IDC PMS4colorversion 1 Infographic: Five Key Ways to Enable Your Sales Force Along the Buyers Journey

Providing your sales organization with the right tools to enable the buyer’s journey is a critical way to help your organization sell more effectively.
By making your sales conversations highly relevant to your buyers’ needs you can help answer questions like:

  • How well assimilated is our value story with sales?
  • Do we have the industry-vertical knowledge, messaging & account intelligence we need?
  • How do we know we are providing buyers with the right information in the right format and at the right time?
  • How compelling is our value proposition and story?

IDC has published a new infographic illustrating five key ways to enable your sales force along the buyer’s journey which can be viewed here.

The one map your CMO must share with your CIO

IDC PMS4colorversion  The one map your CMO must share with your CIO

So many marketing solutions are available that it is very difficult for marketers, chief digital officers, and CIOs to have a holistic view of what they have, what they need and why. IDC has recently created a tool to help – The 2014 Marketing Technology Map. This tool provides a visualization of the different technologies needed to support different marketing organizations no matter how small or large, digital or non digital, modern or not. Pictured below is the whole map which presents solutions in four broad categories:
  1. Interaction: The primary function of these solutions is to be customer facing
  2. Content:  The primary function of these solutions is to facilitate the production and management of marketing content
  3. Data and Analytics: The primary function of these solutions is to store and produce insights from customer, operations, and financial data
  4. Management and Administration: The primary function of these solutions is to provide internal communications, workflows, budgeting and expense tracking.

View the map now… 

The Customer: The Most Important Statistic in Marketing – Everything Else is Just Offensive Rebounds

IDC PMS4colorversion  The Customer: The Most Important Statistic in Marketing – Everything Else is Just Offensive Rebounds

Let’s start with a story that relates to marketing today. When my brother in-law was trying out for his high school basketball team, the coach sat all the players down at the end of one practice and asked them, “What is the most important statistic in all of basketball.” My brother in-law, quite confident his answer would be correct, raised his hand and answered “Points scored.” The coach stared at him for a few seconds and responded, “No. Offensive rebounds.” For those of you who are familiar with basketball, you know that is a ridiculous statement – while offensive rebounds are important, the final score determines the winner, and thus is inarguably, the most important statistic in basketball.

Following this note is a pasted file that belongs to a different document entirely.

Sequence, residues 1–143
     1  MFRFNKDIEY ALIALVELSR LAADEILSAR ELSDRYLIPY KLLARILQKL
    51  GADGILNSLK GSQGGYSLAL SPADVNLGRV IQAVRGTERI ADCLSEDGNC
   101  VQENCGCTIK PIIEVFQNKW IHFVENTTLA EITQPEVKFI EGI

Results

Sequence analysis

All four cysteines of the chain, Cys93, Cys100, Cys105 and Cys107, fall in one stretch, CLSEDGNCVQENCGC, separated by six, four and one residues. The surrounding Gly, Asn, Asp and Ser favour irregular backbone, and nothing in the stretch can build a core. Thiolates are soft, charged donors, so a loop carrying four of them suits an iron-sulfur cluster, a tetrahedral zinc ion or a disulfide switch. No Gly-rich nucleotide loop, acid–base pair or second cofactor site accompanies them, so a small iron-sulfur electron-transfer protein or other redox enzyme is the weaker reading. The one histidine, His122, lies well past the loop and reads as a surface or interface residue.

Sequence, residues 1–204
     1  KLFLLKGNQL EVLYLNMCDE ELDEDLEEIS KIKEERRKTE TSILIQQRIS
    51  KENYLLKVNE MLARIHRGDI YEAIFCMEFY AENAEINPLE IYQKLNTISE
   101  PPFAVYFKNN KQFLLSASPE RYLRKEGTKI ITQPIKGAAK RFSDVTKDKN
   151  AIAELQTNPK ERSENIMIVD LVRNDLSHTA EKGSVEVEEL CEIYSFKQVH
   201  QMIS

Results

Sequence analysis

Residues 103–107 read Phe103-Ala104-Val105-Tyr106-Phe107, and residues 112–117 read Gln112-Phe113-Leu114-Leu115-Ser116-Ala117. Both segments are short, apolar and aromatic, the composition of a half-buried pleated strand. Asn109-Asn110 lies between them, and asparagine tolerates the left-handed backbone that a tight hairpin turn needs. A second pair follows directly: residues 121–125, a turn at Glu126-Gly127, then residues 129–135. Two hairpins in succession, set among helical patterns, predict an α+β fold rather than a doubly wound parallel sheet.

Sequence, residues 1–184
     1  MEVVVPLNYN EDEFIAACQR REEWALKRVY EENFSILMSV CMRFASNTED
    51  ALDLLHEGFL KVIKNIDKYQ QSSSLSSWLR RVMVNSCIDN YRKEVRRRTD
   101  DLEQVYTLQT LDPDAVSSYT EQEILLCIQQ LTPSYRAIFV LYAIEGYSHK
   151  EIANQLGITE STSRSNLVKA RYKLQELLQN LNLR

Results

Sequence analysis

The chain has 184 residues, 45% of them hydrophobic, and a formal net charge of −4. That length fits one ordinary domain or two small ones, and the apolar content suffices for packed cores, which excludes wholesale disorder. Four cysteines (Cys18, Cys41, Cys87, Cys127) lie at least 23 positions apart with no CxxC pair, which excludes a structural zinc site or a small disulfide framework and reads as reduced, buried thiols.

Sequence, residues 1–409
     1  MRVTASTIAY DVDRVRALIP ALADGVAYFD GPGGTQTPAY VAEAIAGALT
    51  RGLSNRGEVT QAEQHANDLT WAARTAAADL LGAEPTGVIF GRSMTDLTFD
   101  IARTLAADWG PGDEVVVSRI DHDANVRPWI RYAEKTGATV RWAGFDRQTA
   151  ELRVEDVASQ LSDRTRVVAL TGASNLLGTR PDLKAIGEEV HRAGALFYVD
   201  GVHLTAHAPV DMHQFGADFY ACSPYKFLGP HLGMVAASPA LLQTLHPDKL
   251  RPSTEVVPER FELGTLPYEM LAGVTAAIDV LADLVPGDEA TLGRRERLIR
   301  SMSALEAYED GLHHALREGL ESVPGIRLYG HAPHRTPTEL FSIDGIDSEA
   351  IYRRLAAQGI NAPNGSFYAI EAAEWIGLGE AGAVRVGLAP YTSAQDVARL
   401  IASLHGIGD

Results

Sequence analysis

For marketing, the customer is the final score

Today in marketing we are in an exciting phase with so much change happening, but also so much opportunity. The current atmosphere is a scary proposition for some, yet energizing for others. This energy has brought enthusiasm to many areas within marketing that are touted as “the most important.” While areas like marketing technology, big data and analytics, and content marketing are INCREDIBLY important, ultimately, they are only a portion of marketing and not the full picture. In the end the most important “statistic” is the customer. The buyer ultimately judges and scores you, so remember, how well you provide value to your customer will determine whether you win or lose.
Highlighting this customer focus, in our 11th annual marketing barometer survey we asked over 75 senior level marketing executives to “compose a tweet on the future of marketing.” We then took those answers and created a word cloud (see above). Low and behold, the two largest words that came up were “Customer” and “Buyer”. These executives, whether intentional or not, understand that the customer/buyer will determine the final score. So remember, while different marketing practices may have incredibly important functions, in the overall game of business, they are all just offensive rebounds.

IT Maturity Increasing Among MEA Manufacturers as They Embrace Technology in Bid to Drive Productivity and Competitiveness